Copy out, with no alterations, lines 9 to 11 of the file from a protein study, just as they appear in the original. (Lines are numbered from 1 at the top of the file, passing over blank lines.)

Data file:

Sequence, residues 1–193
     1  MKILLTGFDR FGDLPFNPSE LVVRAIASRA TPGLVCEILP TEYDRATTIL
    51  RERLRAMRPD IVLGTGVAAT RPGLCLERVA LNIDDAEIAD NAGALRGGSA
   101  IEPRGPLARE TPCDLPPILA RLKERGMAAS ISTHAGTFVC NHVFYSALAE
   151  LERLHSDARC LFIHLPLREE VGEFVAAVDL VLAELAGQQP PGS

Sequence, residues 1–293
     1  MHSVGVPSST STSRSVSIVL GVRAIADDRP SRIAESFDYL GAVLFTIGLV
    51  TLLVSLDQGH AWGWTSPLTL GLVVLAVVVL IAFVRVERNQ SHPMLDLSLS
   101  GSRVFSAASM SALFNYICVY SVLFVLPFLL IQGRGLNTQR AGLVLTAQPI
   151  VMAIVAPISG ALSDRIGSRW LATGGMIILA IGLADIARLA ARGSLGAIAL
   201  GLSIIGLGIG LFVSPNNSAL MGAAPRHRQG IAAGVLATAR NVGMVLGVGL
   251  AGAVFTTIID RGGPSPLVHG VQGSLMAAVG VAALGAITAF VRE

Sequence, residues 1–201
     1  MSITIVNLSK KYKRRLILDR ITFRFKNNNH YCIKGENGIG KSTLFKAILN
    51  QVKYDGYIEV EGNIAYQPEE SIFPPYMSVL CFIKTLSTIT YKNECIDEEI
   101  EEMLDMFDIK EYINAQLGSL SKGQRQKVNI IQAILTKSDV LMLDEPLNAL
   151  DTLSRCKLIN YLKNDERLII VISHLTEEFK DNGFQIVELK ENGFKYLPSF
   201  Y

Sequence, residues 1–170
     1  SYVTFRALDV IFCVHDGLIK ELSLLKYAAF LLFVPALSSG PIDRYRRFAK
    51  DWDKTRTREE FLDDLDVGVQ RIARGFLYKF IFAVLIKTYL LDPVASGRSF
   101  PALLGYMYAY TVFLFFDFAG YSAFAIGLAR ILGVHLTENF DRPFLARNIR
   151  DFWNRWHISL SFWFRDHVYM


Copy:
   101  GSRVFSAASM SALFNYICVY SVLFVLPFLL IQGRGLNTQR AGLVLTAQPI
   151  VMAIVAPISG ALSDRIGSRW LATGGMIILA IGLADIARLA ARGSLGAIAL
   201  GLSIIGLGIG LFVSPNNSAL MGAAPRHRQG IAAGVLATAR NVGMVLGVGL